The lands surrounding the Mediterranean Sea are the product of a distinctive climate and natural environment that have been transformed by human activities over many millennia. 

But when and how were the olive groves of Tuscany, the maquis of Provence and similar iconic Mediterranean landscapes created? What role did the rise and fall in populations play in transforming the environment from nature-dominated to culturally-modified? 

This Leverhulme Trust funded project (2015–2018) aimed to provide answers to these questions using two widely available sources of data, namely pollen and archaeological records. 

We have compared reconstructed trends in population and land use since the advent of Neolithic farming at a pan-Mediterranean scale and via regional case studies, to assess how demographic changes contributed to past and present land-use patterns.

Neil Roberts is emeritus Professor of Physical Geography at University of Plymouth. His research emphasises past climatic and environmental change since the time of the last glacial maximum, specifically derived from lake-sediment archives. He has worked extensively in eastern Africa, the Mediterranean and West Asia, often with close links to archaeology. Since 1993 he has directed a series of field programmes in Turkey. He is author of the key text, the Holocene (3rd ed. 2014), and is an editor of the journal Quaternary Science Reviews. He has served on many national and international committees concerning past global changes, including the National Academies Committee on Surface Temperature Reconstructions for the Past 2,000 Years, set up at the request of the US Congress in 2006. 
Ralph Fyfe is Professor of Geospatial Information at the University of Plymouth. His research is centred on environmental change and archaeology through the Holocene, predominantly (but not exclusively) through pollen-analytical methods. His work primarily focuses on Europe, working on projects in Britain and Ireland, Scandinavia and Italy. He has been a member of the Nordforsk-funded POLLANDCAL (POLlen-LANDscape CALibration) and LANDCLIM (Land-climate interactions) networks, and is currently coordinating efforts to generate state-of-the-art knowledge of Europe-wide Holocene land cover as part of the Past Global Changes (PAGES) LANDCOVER6K working group.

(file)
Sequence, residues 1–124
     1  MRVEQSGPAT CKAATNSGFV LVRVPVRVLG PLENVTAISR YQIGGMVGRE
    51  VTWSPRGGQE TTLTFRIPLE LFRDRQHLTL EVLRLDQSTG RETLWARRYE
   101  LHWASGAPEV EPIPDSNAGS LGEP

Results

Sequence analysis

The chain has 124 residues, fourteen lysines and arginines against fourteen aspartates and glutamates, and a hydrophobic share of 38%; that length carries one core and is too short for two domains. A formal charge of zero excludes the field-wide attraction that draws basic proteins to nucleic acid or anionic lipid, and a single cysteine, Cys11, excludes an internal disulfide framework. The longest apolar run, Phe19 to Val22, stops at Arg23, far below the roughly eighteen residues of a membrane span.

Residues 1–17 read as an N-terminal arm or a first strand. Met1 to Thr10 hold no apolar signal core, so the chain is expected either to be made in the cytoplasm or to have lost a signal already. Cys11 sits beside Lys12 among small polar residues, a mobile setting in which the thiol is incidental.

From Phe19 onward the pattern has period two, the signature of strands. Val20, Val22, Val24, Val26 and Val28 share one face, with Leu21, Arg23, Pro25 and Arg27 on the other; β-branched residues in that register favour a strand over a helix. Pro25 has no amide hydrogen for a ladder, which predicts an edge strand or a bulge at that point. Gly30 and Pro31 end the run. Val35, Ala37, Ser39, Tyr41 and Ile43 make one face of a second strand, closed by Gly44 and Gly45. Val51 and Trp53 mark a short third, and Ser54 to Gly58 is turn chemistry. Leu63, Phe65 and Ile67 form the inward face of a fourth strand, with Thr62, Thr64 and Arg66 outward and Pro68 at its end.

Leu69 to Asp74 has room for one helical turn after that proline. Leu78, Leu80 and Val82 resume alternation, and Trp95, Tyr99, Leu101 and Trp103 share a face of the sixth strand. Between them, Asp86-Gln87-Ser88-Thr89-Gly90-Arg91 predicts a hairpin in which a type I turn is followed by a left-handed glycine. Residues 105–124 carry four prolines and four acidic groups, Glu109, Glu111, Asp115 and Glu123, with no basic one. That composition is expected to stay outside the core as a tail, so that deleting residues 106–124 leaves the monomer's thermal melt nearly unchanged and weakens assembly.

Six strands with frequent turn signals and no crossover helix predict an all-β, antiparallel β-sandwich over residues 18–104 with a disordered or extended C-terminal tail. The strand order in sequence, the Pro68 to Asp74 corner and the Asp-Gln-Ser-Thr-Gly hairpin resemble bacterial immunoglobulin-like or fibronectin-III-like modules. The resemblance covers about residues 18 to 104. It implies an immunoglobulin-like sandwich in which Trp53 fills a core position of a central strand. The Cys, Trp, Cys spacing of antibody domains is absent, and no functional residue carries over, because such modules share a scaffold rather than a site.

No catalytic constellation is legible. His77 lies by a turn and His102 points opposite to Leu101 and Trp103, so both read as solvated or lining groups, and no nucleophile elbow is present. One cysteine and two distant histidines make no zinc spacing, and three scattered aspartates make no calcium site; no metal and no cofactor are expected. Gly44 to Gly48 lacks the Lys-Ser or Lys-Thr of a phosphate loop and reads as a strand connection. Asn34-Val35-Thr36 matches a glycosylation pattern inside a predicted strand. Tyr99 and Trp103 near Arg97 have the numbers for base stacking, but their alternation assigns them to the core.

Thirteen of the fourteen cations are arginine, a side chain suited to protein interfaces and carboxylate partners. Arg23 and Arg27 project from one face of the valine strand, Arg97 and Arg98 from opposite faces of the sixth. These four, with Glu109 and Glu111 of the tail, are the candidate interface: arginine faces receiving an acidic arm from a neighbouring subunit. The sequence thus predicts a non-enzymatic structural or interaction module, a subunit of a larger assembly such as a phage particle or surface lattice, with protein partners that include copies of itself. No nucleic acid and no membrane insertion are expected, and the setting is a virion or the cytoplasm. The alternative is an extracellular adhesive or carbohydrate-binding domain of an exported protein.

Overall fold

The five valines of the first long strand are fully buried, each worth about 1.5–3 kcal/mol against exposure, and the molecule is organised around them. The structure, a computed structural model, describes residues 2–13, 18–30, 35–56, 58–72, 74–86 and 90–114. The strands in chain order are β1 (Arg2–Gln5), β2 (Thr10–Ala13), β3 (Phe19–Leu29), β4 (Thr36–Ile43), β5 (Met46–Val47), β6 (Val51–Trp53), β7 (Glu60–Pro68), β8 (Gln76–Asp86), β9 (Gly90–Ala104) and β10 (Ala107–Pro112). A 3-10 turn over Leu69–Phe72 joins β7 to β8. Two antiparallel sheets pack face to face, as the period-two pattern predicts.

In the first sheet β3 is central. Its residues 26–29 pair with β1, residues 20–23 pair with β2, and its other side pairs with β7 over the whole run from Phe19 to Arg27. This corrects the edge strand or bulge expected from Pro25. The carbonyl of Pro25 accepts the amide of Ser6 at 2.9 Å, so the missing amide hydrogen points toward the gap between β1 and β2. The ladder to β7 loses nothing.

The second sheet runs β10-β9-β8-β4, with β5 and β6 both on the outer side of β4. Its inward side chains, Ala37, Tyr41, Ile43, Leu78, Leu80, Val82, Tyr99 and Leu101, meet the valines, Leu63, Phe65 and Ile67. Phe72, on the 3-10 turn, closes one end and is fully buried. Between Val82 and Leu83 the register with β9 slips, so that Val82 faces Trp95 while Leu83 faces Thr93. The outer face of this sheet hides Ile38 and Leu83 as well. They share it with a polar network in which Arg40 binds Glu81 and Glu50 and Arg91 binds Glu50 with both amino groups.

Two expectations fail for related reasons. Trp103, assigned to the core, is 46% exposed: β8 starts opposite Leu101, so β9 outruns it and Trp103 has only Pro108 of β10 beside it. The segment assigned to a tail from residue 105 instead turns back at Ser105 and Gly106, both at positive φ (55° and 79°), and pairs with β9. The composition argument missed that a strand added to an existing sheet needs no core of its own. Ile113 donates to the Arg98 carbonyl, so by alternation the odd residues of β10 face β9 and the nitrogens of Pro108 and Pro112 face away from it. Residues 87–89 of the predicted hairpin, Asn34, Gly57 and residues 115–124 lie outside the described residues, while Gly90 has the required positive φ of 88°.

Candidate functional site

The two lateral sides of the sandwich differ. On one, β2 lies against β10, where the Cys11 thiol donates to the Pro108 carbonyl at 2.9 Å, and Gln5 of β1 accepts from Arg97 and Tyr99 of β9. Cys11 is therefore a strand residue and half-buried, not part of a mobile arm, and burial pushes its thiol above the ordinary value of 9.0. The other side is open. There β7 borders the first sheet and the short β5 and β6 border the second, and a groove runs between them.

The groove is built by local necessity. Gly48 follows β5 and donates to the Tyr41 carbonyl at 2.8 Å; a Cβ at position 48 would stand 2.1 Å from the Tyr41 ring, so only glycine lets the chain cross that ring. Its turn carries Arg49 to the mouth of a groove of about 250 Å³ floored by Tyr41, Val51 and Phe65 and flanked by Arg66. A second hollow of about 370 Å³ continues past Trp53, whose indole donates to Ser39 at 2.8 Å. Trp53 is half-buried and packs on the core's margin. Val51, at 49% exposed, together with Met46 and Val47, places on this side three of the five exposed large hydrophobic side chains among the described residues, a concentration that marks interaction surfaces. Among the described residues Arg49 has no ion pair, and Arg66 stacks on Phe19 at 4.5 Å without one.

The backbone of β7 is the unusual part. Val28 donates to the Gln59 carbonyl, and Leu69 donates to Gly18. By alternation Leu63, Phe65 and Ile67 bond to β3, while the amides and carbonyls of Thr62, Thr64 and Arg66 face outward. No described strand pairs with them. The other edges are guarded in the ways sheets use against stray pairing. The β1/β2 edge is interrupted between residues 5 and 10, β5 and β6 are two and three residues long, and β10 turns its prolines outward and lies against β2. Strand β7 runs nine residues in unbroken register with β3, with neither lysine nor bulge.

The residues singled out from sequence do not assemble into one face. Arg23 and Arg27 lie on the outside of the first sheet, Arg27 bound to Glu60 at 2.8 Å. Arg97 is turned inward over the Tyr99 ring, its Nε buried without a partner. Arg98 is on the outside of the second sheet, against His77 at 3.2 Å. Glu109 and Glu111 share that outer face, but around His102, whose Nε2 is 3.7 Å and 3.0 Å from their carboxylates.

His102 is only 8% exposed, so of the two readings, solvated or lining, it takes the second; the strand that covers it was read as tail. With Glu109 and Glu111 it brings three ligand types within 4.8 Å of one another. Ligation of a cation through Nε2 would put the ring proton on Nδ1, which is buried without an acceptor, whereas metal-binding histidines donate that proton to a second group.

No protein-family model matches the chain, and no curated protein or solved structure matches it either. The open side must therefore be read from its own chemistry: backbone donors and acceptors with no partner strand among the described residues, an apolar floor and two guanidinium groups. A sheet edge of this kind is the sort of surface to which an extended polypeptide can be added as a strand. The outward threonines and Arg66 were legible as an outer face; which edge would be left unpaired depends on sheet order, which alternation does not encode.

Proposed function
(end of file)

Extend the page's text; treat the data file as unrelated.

Jessie Woodbridge is Post-Doctoral Research Fellow at the University of Plymouth. Her research background is focused on reconstruction of Holocene palaeoenvironmental change using palaeoecological techniques based on peat and lake-sediment archives. Her PhD research on diatom-inferred Eastern Mediterranean palaeoclimate was completed in 2009, and since this time her Post-Doctoral work has focused on pollen/diatom analysis and environmental reconstruction.
University College London (UCL)
Stephen Shennan is Professor of Theoretical Archaeology at the UCL Institute of Archaeology, where he was Director from 2005 to 2014. Since the late 1980s his interests have been mainly focused on exploring the use of method and theory from the study of biological evolution to understanding cultural stability and change, with a particular focus on the role of demographic factors. He has published over 100 papers and several authored and edited books, most recently Connecting Networks: characterising contact by measuring lithic exchange in the European Neolithic (2015), co-edited with Tim Kerig. He is a Fellow of the British Academy and a member of the Academia Europaea.
Alessio Palmisano is a Post-Doctoral Research Associate at UCL and is currently working on a research project examining the relationship between inferred regional demographic trends in the Mediterranean since the appearance of farming (ca. 9000 years ago) and reconstructed land cover in the past. His research so far has been primarily focused on the study of Western Asian and Eastern Mediterranean early complex societies, the analysis of settlement patterns, and the development of bespoke quantitative and computational methods to Archaeology. He also took part, with roles of scientific responsibility, in several campaigns of archaeological fieldwork, primarily in Syria, Turkey and Italy.